Ep. 95 - Van Jones

Update: 2016-11-101
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Van Jones, political activist and CNN commentator, talks with David about Tuesday’s election results and the cultural chasm that exists in America, his childhood in rural Tennessee and the important relationship he had with his father, and why he won’t be running for public office any time soon.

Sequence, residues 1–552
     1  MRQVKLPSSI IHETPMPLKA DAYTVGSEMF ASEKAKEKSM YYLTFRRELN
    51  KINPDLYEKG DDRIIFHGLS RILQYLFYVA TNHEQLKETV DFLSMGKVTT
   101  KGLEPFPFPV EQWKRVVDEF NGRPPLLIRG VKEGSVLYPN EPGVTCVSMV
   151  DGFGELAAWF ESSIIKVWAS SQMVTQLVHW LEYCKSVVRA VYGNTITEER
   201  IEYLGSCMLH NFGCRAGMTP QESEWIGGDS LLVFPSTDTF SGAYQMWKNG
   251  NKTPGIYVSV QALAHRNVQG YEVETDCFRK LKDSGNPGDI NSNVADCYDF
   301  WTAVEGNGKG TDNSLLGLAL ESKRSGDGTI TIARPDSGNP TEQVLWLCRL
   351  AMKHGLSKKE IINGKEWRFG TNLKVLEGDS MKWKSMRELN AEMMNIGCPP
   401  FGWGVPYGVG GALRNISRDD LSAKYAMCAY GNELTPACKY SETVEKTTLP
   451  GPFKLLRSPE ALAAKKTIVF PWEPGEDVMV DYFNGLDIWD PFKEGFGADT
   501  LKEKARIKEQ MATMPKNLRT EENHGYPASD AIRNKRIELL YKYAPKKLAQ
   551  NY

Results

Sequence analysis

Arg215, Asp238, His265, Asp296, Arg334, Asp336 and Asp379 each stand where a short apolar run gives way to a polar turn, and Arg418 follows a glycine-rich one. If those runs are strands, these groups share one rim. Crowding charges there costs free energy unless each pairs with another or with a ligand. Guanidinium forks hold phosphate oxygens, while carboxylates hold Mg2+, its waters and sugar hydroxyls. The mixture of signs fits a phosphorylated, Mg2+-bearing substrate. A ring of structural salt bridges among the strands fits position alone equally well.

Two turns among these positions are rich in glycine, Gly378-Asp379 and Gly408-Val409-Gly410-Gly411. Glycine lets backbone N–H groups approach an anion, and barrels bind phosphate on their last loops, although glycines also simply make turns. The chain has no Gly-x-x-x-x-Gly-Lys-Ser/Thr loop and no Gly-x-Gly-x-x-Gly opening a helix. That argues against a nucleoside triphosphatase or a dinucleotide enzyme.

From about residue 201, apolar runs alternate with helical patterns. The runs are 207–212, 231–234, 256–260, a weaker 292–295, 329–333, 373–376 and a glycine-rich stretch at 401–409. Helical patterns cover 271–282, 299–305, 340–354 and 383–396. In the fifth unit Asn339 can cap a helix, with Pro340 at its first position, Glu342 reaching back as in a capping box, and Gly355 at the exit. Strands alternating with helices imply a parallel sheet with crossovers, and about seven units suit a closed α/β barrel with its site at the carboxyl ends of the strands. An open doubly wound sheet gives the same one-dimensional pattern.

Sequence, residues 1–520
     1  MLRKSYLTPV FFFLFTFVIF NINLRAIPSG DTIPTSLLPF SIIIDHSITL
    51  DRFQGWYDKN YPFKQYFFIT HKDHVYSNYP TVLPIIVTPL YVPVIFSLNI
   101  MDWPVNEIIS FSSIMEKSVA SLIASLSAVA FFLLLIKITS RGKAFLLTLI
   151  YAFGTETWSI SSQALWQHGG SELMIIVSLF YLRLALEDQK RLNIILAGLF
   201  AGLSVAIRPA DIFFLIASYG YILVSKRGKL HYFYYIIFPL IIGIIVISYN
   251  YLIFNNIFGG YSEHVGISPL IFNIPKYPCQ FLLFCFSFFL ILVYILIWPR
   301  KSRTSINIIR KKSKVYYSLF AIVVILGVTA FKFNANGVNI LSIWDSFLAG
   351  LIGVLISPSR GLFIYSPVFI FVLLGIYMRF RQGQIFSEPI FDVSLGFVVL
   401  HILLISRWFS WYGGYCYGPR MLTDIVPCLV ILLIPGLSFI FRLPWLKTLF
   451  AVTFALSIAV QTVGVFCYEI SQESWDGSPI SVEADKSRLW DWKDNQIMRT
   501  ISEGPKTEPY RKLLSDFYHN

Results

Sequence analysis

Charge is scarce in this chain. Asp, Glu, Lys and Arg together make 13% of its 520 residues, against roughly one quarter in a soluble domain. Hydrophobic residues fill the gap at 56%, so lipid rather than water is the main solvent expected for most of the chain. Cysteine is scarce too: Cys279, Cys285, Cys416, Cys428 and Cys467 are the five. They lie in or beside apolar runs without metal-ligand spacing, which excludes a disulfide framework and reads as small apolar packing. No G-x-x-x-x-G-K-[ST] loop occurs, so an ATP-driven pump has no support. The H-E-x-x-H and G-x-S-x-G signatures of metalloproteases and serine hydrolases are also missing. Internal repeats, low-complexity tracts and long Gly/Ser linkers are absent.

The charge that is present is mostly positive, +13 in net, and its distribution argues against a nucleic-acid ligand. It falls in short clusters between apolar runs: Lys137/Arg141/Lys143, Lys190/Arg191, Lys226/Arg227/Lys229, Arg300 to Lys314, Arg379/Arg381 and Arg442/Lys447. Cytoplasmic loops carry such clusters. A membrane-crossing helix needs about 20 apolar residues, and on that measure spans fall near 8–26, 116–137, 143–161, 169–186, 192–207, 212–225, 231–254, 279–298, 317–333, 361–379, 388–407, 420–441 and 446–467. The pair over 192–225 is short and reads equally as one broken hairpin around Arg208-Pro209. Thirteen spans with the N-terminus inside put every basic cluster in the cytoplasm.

Following script is auto-generated by Speech to Text Technology: